Why should we bother to preserve churches, burial grounds, neighborhoods, or architectural drawings? If we can agree that historic preservation of these and other historic resources ARE important, what basic tools, procedures, laws, resources, and regulations help preserve them in our community?
We preservationists clearly love old buildings because of their fine craftsmanship and sense of history. But, there are other reasons why they should be preserved:
1. To bring life to downtown in the form of housing;
2. To make good use of existing infrastructure;
3. To increase tourism;
4. To provide an alternative to sprawling development; and
5. To prevent more farmland and open space from being covered by surface parking lots.
Who Does the Work?
Preservation takes place in both the public and private sectors and at the federal, state, and local level.
A. Private Sector Examples:
1. National Trust for Historic Preservation: works to preserve resources at national level. Founded in 1949, it is a membership organization that acts as a clearinghouse for information on all aspects of preservation, provides professional advice and training, owns and operates 28 historic house museums, and administers grant and loan programs.
2. Statewide Preservation organizations like Preservation Oklahoma in OKC carries out a variety of activities within Oklahoma: newsletter with SHPO, advocate for preservation-friendly legislature in state government, own and operate the Overholser Mansion, and offer training and educational programs to the public.
3. Local nonprofit groups like the Tulsa Foundation for Architecture operate in very much the same way with the added mission of preserving more than 35,000 architectural drawings and related materials
4. Statewide and local Main Street programs are abundant in Oklahoma. Their mission is to restore prosperity and vitality to downtowns and neighborhood business districts like Redfork in Southwest Tulsa.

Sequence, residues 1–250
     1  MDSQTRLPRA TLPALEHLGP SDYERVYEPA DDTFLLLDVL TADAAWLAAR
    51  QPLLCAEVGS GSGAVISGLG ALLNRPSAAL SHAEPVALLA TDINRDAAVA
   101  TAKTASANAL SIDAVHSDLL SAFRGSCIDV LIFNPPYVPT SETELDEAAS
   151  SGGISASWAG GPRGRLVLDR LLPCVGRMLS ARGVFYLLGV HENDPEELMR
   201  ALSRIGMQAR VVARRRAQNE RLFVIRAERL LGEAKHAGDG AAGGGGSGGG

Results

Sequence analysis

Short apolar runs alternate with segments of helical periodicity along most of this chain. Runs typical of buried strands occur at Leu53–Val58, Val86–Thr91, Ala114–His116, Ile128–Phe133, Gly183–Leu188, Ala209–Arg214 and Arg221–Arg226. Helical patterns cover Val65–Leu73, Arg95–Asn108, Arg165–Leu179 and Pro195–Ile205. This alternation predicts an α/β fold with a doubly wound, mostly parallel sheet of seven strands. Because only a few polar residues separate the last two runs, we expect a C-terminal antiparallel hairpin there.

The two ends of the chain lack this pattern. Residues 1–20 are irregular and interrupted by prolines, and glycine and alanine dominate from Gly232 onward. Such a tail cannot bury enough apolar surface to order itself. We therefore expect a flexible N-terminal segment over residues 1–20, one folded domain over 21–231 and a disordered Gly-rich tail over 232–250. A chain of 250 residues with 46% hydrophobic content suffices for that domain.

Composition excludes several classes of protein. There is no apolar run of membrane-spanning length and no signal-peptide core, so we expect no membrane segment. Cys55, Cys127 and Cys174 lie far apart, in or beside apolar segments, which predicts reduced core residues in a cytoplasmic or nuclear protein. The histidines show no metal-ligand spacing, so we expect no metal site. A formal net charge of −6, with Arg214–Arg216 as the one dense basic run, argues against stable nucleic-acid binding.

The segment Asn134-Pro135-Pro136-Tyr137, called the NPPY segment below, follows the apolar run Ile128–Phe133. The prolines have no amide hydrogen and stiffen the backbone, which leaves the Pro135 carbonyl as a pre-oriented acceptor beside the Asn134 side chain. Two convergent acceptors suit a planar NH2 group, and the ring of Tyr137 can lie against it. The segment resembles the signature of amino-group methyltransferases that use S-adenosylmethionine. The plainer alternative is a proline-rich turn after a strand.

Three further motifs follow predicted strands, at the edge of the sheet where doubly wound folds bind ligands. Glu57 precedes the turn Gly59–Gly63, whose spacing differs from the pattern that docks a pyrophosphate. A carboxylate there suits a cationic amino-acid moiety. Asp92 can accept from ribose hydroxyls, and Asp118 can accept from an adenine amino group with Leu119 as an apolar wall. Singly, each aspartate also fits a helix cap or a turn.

B. Public Sector Examples:
1. National Park Service, Dept. of the Interior: principal federal agency responsible for preservation law and activities. The Park Service administers three programs of particular interest to preservationists:
2. National Register of Historic Places through
- Grant programs; and
- federal rehabilitation tax incentives;
3. State Historic Preservation Offices.
4. Indian Tribes;
5. Local preservation commissions like the Tulsa Preservation Commission act as an architectural review board in five historic-preservation zoned neighborhoods in Tulsa. It was established through the adoption of a local preservation ordinance; and
6. Certified Local Governments: administered by the NPS and SHPO to promote preservation at the grassroots level.
What Makes It Happen?
- Direct acquisition of properties by organizations and governmental agencies;
- Land-use and preservation regulations at the federal, state, and local level;
- Private investment in historic resources spurred by incentive programs.
And of course, YOU make it happen. Please support your local preservation organization with your time, talent, and treasure! History is in our hands.
P.S. If you’d like a copy of our brochure that explains incentives for using historic buildings, provides a list of Tulsa properties listed in the National Register of Historic Places, and contact information for all of the entities listed above, please email me at: firstname.lastname@example.org